Stugeron tablets contain the active ingredient cinnarizine, which is a type of medicine called an antihistamine. It is used to prevent and treat motion sickness, relieve nausea, vomiting, attacks of dizziness or spinning sensations (vertigo) and sensations of ringing or other noise in the ears (tinnitus) associated with Meniere's disease and other middle ear disorders.
As with other antihistamines, STUGERON tablets may cause epigastric distress; taking it after meals may diminish gastric irritation.
Adults and children over the age of 12 years:
Peripheral circulatory disorders: 2-3 x 25 mg tablets three times daily.
Disorders of balance: 1 x 25 mg tablet three times daily.
The maximum recommended dosage should not exceed 225 mg (9 tablets) daily - if necessary the dosage may be divided over 2 or 3 intakes per day. As the effect of STUGERON tablets on vertigo is dose dependent, the dosage should be increased progressively.
Adults: 25 mg may be taken 2 hours before the start of the journey and 12.5 mg to 25 mg may be repeated every 8 hours during the journey when necessary.
Children 8 to 12 years: 12.5 mg (half a tablet) three times daily when necessary.
Children 5 to 7 years: 6.25 mg three times daily when necessary.
The most common antihistaminic side-effect of cinnarizine is sedation which can vary from slight drowsiness to deep sleep, and including inability to concentrate, lassitude, dizziness, and inco-ordination. Sedative effects, when they occur, may diminish after a few days.
Other side-effects include gastro-intestinal disturbances such as nausea, vomiting, diarrhoea or constipation, anorexia or increased appetite and epigastric pain.
Somnolence and gastro-intestinal disturbances are usually transient and may often be prevented by achieving the optimum dosage gradually.
Cinnarizine may also produce antimuscarinic effects such as blurred vision, difficulty in micturition, dysuria, dryness of mouth and tightness of chest.
Central effects may include muscular weakness, headache and euphoria.
Weight gain, perspiration or allergic reactions may be observed. Cases of lichen planus and lupus-like symptoms and an isolated case of cholestatic jaundice have been reported.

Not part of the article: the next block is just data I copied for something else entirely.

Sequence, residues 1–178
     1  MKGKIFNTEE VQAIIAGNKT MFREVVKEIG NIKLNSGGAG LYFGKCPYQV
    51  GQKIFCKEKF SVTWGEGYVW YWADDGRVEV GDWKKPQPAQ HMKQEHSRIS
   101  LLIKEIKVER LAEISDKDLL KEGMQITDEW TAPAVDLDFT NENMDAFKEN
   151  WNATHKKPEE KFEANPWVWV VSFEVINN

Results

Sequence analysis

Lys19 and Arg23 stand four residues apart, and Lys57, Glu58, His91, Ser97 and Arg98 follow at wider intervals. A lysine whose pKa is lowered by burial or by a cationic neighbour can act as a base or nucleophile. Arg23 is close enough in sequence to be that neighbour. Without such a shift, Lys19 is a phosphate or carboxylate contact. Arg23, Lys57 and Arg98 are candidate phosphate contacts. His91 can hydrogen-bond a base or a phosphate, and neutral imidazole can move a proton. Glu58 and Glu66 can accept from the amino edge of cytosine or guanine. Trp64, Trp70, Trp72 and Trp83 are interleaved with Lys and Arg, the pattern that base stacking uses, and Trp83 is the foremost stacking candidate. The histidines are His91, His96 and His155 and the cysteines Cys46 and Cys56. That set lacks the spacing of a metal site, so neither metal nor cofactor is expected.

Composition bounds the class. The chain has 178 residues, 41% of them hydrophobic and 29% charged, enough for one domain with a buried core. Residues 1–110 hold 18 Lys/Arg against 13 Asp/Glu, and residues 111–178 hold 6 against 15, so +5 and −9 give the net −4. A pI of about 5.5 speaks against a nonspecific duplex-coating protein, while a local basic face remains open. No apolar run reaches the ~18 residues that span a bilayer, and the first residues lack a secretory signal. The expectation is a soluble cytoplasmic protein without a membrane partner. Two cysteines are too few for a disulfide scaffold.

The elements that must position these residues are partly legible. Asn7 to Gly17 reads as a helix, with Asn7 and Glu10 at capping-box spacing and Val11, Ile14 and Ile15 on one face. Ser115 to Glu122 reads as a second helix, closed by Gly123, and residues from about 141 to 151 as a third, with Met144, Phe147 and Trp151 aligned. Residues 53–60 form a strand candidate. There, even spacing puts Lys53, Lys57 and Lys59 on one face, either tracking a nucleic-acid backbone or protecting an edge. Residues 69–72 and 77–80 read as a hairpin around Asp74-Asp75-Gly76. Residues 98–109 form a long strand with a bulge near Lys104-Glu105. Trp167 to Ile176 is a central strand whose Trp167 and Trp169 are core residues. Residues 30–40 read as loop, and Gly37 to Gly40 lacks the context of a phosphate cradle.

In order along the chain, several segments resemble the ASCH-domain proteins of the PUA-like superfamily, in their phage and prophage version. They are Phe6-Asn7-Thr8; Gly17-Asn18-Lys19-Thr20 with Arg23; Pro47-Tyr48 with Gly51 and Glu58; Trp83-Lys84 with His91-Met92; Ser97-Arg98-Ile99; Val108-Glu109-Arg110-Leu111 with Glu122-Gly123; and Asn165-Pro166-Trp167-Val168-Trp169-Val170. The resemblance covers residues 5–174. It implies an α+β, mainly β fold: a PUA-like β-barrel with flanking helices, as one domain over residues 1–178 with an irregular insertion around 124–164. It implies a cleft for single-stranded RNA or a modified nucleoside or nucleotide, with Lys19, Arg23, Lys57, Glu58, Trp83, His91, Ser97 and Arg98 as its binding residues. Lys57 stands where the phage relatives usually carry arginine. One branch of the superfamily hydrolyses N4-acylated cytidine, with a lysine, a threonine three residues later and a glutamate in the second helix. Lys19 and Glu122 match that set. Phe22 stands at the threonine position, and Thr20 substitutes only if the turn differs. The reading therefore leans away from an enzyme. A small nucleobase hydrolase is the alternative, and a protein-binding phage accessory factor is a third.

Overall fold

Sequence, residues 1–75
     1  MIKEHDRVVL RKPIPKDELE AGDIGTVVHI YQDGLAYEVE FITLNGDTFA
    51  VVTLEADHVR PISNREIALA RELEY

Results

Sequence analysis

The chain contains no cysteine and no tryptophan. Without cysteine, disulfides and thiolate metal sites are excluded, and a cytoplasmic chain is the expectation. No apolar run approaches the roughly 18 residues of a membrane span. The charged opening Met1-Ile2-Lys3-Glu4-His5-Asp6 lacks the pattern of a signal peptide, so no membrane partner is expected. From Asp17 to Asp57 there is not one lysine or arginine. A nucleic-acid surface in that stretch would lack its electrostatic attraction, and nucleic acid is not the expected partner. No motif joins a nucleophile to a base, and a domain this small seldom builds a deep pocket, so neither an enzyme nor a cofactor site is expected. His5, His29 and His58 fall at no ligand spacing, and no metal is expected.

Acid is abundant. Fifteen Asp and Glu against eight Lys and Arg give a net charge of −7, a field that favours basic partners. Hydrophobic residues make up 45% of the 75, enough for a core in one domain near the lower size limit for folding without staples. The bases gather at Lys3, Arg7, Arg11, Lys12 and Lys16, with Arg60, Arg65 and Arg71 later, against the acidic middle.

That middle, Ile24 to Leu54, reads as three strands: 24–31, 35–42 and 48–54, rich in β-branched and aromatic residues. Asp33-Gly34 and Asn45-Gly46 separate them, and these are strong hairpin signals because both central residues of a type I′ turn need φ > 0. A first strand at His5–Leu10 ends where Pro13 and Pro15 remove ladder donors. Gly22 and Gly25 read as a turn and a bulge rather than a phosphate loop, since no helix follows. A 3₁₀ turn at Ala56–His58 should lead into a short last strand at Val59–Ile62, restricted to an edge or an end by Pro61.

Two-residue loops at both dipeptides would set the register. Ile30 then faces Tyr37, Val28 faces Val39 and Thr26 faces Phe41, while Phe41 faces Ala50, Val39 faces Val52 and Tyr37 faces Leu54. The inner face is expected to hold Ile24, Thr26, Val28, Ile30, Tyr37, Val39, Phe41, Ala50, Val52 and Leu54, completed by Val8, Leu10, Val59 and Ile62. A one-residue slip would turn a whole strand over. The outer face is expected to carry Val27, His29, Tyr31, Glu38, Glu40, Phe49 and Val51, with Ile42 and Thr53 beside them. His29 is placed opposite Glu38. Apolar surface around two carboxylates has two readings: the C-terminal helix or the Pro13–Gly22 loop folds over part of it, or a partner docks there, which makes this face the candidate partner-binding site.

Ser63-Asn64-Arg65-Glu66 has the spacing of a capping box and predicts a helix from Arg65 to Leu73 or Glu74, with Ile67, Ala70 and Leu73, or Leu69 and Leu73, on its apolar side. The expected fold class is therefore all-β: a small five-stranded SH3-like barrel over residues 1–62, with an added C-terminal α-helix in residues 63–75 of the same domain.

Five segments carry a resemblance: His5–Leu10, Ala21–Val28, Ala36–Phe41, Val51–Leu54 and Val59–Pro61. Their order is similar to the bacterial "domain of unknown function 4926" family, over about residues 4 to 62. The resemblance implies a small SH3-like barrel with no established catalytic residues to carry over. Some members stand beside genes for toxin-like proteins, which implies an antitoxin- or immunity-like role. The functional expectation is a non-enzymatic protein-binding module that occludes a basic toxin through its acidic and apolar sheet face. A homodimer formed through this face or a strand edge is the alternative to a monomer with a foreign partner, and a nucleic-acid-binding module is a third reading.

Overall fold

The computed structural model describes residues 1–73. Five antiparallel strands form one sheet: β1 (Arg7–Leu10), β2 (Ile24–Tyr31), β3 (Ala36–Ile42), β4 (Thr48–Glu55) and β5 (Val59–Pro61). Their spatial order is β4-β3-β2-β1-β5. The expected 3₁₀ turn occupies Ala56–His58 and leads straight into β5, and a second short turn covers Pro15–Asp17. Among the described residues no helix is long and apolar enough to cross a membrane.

In elderly people cases of aggravation or an appearance of extrapyramidal symptoms sometimes associated with depressive feelings have been described during prolonged therapy. The treatment should be discontinued in such cases.
Cinnarizine may enhance the sedative effect of central nervous system depressants including alcohol, barbiturates, hypnotics, narcotic analgesics, tricyclic antidepressants, sedatives and tranquillisers.
The side-effects of anticholinergic substances such as atropine and tricyclic antidepressants may be enhanced by the concomitant administration of antihistamines.
Monoamine-oxidase inhibitors may enhance the antimuscarinic effects of antihistamines.
Because of its antihistamine effect, cinnarizine may prevent otherwise positive reactions to dermal reactivity indicators if used up to 4 days prior to skin testing.
SIDE EFFECTS that may occur while using this medicine include:
Disturbances of the gut such as diarrhea, constipation, nausea, vomiting or abdominal pain.
Weight gain (rarely with long-term use)
Abnormal movements of the hands, legs, face, neck and tongue, eg tremor, twitching, rigidity (rarely with long-term use, mostly in elderly people - stop taking this medicine and consult your doctor if this occurs).
Skin reactions (very rarely with long-term use).
Jaundice (very rarely with long-term use).
If you notice other effects not listed above, contact your doctor, nurse, or pharmacist.